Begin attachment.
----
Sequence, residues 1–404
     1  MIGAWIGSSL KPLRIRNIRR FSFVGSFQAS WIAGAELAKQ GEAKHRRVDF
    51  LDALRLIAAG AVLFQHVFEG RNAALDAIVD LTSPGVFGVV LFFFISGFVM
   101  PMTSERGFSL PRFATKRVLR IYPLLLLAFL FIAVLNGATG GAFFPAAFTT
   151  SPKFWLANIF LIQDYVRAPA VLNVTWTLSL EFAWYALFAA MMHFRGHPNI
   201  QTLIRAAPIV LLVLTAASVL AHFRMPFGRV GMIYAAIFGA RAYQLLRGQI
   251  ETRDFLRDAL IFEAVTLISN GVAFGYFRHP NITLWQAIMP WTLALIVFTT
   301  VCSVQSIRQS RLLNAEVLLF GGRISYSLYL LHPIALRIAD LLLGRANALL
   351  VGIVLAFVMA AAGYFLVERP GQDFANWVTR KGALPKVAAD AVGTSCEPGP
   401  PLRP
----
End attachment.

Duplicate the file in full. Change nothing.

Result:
Sequence, residues 1–404
     1  MIGAWIGSSL KPLRIRNIRR FSFVGSFQAS WIAGAELAKQ GEAKHRRVDF
    51  LDALRLIAAG AVLFQHVFEG RNAALDAIVD LTSPGVFGVV LFFFISGFVM
   101  PMTSERGFSL PRFATKRVLR IYPLLLLAFL FIAVLNGATG GAFFPAAFTT
   151  SPKFWLANIF LIQDYVRAPA VLNVTWTLSL EFAWYALFAA MMHFRGHPNI
   201  QTLIRAAPIV LLVLTAASVL AHFRMPFGRV GMIYAAIFGA RAYQLLRGQI
   251  ETRDFLRDAL IFEAVTLISN GVAFGYFRHP NITLWQAIMP WTLALIVFTT
   301  VCSVQSIRQS RLLNAEVLLF GGRISYSLYL LHPIALRIAD LLLGRANALL
   351  VGIVLAFVMA AAGYFLVERP GQDFANWVTR KGALPKVAAD AVGTSCEPGP
   401  PLRP